Dangerous Prayers Part 2

Posted: October 30, 2011 by J in Discipleship

I asked two questions about the way Bono and the Psalmists pray prayers of protest and complaint:

1. Do you get the feeling at all that there’s something going on here, that these people are having dealings with God that we are kind of shut out of? That there’s an intensity, a rawness and realness to the relationship that leaves us feeling a bit shocked? That makes our calm little prayers seem a bit – well, safe?

2. If so, why do you think that is?
Why is it so unthinkable they we would pray like this? Why are we so out of the picture?

Question 1 is quick to answer. I do definitely get that feeling. There isn’t much urgency or intensity in the prayers I hear in my church scene, whether protests or not. The emotional temperature seems to stay pretty low. The range of things we’re allowed to say to God is fairly narrow. In particular, politeness seems to be the rule.

Question 2 is more interesting. What do they get that we don’t? Or what constricts us so badly? Here are some suggestions towards an answer:

1. Our escapist eschatology means we just don’t care enough about what goes on down here. We evangelicals have bought deeply into a narrative where the goal is death and departure to ‘be with the Lord’ in heaven. This world is to be destroyed and replaced: we counsel each other not to get too attached to it. We make real efforts not to care – and it works! For most of us, the only time we feel worked up enough to complain to God is when we are touched personally by tragedy or serious disappointment: death of a loved one, job loss, or failure to find a marriage partner, for example. The rest of the time, we can look at the misery of the world without any emotion beyond sadness. There is no need to engage with it: it’s all going to burn anyway. Bono and Ethan, on the other hand, are investing their emotional energy deeply in this world. They get angry about it. They think it matters. It matters enough to risk pushing the point with God, to risk being fried for blasphemy.

2. These guys have a view of God’s gospel purposes where his promises are supposed to come down. And they’ve taken those promises seriously. When the angels announce Jesus brings peace on earth, when Jesus teaches us to pray for heaven’s order on earth: they are actually looking for the fulfilment, and dissatisfied when they don’t see any change arriving. Our evangelical account of the gospel doesn’t really include those bits of Scripture. We keep such ideas right at the periphery of our faith. We’re just not thinking about anything much getting fixed down here. It’s all just rearranging the deck chairs on the Titanic anyway…

3. Our view of God’s sovereignty tends to neutralise our moral sense. What feelings did you sense behind those prayers we’ve been talking about? Behind Bono’s I sense desperation, and the struggle to go on believing when Jesus seems unfaithful. Behind Ethan’s prayer I sense outrage. In Psalm 44 I hear a burning sense of injustice. Yhwh’s injustice.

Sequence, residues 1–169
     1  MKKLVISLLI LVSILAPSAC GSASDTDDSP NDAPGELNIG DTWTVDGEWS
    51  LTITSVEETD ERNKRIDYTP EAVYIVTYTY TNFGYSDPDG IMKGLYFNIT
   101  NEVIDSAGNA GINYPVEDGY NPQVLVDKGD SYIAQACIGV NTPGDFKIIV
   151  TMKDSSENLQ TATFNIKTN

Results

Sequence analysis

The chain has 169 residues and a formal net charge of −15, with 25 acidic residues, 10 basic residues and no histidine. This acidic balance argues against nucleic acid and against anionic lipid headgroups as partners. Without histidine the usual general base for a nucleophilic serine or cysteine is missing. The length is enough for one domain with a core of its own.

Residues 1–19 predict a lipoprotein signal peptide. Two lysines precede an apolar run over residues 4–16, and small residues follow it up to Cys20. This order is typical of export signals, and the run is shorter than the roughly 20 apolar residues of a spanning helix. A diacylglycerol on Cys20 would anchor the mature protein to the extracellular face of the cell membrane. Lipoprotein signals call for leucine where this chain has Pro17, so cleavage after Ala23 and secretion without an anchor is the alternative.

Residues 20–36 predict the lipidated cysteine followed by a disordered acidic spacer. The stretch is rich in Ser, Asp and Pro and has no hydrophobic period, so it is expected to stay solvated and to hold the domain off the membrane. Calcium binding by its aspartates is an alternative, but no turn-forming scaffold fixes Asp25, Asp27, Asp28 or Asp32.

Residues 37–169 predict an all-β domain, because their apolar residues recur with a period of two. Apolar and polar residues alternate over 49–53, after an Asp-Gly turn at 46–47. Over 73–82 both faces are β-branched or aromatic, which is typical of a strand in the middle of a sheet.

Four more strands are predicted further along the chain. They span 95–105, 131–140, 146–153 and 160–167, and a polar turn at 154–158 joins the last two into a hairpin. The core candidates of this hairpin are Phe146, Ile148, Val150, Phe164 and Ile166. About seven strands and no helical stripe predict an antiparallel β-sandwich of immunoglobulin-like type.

These are morally charged emotions, the reactions of men who know the difference between truth and falsehood, between justice and injustice, and who can’t help but notice. And when something wounds their sense of justice, they have the moral courage to say so. Even to God.

We on the other hand generally try to suspend all moral sense when speaking of or to God. Our doctrine tells us God is good and trustworthy; moreover he is the boss, and we have no right to question him. Who are we to judge God? So any question of wrongdoing is ruled out of court in advance. There are some questions we can’t ask, feelings we mustn’t feel.

Our testimony to God’s character is not an unbiased one based on experience: it is the testimony of those who have decided what to say in spite of any experience we may have. And this includes what we say to God. We are God’s yes men.

It is only at times of severe crisis, when the conflict between our experience and our faith becomes too intense – it is only at these times that our feelings break through, or rather break out. And then I yell at God. And at that rare moment of honesty, of reality – I feel ashamed. And you all wonder (and I do too) has he lost his faith? Because yelling at God is not what yes men do.

But in general our prayers lack a strong moral sense: though we may want change for the future, we acquiesce easily with what has happened up to now, as though it must have been God’s will. No point getting angry about it!

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Comments
  1. I know this is a bizzare tangent, but I wonder in all of this whether we need to think seriously about God’s presence in and identification with the creation/church.
    And that means wrestling with sacraments and ontology. ARGHHH….

    Why? well, if God is really here, then a lot of stuff is pretty confusing, and we need to cry out about it.
    If God is really identified by this bunch of people ( the church), then that is pretty confusing too, and we need to have a good talk to him about that.

    But, if in the interests of theodicy, we allow God to be distant and uninvolved, then there is no problem with the world being the way it is.
    And if God hasn’t really committed himself to be identified as ‘The God of Israel..”, or, “The God of the church”, then we don’t feel the need to speak to him about the (actual) churches problems.

    • Jonathan says:

      Wellsie, slow down, I’m still digesting your last thing! I’m sure this is related, but why not take it to a new post of its own? It’s good stuff, it deserves it.

      • Jonathan says:

        O I C. I had read your comment (above) thinking it was about your burnout post! Makes more sense as a comment about dangerous prayers! Sorry…

        Still think it deserves its own post!

        this blog is getting complicated!

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